THE BLOG
01/13/2015 10:49 am ET Updated Mar 15, 2015

My Anger Is Hurting My Children

My twins are only two and a half but I get extremely angry when they don't listen. I can go from zero to sixty in a way that is scary. I try to meet their requests/demands but they complain non-stop while I'm doing the best I can. (I work full-time and husband is home with them -- stress is also a factor for sure.) My husband stays calm and even tempered and either ignores their shouts or measuredly responds and teaches. Like many mothers, my anger surprises me as it has never come out like this in my many years on this earth. I feel ashamed but I can't seem to control myself.

I'm glad you wrote in with this question. You may be surprised to hear how many parents secretly struggle with rage, even ones who seem to have it all together often confess privately to me that they are ashamed of how often they lose their temper with their children, often over seemingly small things. Here are my thoughts:

• Get support. Your children are clearly behaving in ways that upset you, but chances are, you're also just plain tired. When we're exhausted or stretched thin, it can be difficult to impossible to maintain a calm tone while little ones are creating havoc. And you have toddler twins! Do things that remind you that you're a person and not just a Request Fulfillment Machine! Please use sitters or swap child care with other parents so you have time to refill your tank--whether that means a date night with your husband, a yoga class, or just time sitting on a park bench, watching the clouds go by.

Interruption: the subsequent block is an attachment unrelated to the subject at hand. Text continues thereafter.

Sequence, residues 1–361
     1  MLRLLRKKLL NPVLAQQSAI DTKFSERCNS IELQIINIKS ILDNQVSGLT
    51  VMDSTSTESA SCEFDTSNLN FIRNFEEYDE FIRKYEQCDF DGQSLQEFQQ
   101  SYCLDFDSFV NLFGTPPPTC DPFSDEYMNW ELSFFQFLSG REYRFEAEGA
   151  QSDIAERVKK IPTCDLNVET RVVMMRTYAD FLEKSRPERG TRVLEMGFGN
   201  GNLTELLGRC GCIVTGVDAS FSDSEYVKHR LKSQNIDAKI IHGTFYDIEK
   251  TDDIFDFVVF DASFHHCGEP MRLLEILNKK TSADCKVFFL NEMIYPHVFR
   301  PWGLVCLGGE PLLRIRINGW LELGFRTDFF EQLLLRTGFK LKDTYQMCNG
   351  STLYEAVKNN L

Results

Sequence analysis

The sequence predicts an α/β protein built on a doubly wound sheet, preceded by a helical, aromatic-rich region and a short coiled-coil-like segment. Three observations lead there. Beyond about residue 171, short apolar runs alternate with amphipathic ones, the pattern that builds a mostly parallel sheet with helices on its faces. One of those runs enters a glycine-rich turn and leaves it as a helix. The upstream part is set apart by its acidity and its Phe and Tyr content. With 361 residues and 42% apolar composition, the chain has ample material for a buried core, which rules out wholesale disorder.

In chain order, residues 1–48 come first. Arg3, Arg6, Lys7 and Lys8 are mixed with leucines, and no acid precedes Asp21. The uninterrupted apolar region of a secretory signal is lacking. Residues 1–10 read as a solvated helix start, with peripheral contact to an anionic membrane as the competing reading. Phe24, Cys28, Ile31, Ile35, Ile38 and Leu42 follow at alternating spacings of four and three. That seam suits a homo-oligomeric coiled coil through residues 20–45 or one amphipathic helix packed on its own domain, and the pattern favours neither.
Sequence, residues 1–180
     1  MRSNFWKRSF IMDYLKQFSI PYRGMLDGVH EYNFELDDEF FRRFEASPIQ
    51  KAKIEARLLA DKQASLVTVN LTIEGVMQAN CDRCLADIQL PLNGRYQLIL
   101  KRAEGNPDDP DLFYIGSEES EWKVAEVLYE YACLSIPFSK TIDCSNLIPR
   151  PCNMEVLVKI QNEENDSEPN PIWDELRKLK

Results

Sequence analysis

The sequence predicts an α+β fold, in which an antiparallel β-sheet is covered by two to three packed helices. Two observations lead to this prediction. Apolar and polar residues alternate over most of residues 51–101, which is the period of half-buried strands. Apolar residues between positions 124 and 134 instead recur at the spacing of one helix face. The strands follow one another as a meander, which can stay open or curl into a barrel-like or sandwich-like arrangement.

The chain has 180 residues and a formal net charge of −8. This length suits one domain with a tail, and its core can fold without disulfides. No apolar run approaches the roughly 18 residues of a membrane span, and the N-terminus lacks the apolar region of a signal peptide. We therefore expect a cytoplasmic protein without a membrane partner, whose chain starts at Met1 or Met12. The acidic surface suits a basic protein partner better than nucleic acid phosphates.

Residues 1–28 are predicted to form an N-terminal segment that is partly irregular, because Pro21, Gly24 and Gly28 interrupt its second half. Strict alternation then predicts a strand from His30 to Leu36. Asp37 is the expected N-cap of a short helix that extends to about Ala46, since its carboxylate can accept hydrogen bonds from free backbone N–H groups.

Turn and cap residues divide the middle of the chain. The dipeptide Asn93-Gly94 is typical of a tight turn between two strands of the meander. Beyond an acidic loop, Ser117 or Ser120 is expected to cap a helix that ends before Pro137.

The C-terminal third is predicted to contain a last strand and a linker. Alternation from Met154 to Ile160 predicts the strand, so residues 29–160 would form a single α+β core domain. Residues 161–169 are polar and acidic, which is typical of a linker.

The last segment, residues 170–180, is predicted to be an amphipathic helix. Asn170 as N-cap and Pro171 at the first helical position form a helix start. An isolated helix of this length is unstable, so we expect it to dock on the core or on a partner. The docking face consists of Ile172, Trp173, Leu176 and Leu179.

• Consider the triggers. I just completed a new book and in it, I talk extensively about the importance of looking at what old buttons are getting pushed when we lose our cool with our kids. You mention the fact that they don't listen. Of course that is a common complaint for parents, but if you have a particularly difficult time staying calm when your twins tune you out, it could be that you're being visited by unresolved hurt around being ignored or feeling invisible. Counseling may be highly beneficial for you, not only to address the anger, but to provide you with a time and a place where you get to be heard.

• Adjust your expectations. I'm a fan of Byron Katie's work, which invites us to look at the stressful thoughts that precipitate our upset. You cannot get angry without believing something that contradicts the way things are; in other words, it is only possible to lose your cool when your kids don't listen to you if you think they should listen to you. Now, I know many parents will say, "Of course my kids should listen to me!" Our inner lawyers do a terrific job of building a case for why reality should line up with our expectations. The problem is, when we fight with how things are, we unleash hurt, sadness and fury. Consider the reasons your kids should tune you out, rather than building a case for why they shouldn't, and you may find it easier to keep your cool.

If you find yourself teetering dangerously close to the edge of physical or emotional abuse, walk away and pick up the phone to get some immediate support. There is no shame in needing the calming voice of someone who understands how hard it can be to manage anger.

Susan Stiffelman is the author of Parenting Without Power Struggles: Raising Joyful, Resilient Kids While Staying Cool, Calm and Connected. She is a family therapist, parent coach and internationally recognized speaker on all subjects related to children, teens and parenting.

To learn more about her online parenting courses and support, visit her Facebook page or sign up for her free newsletter.

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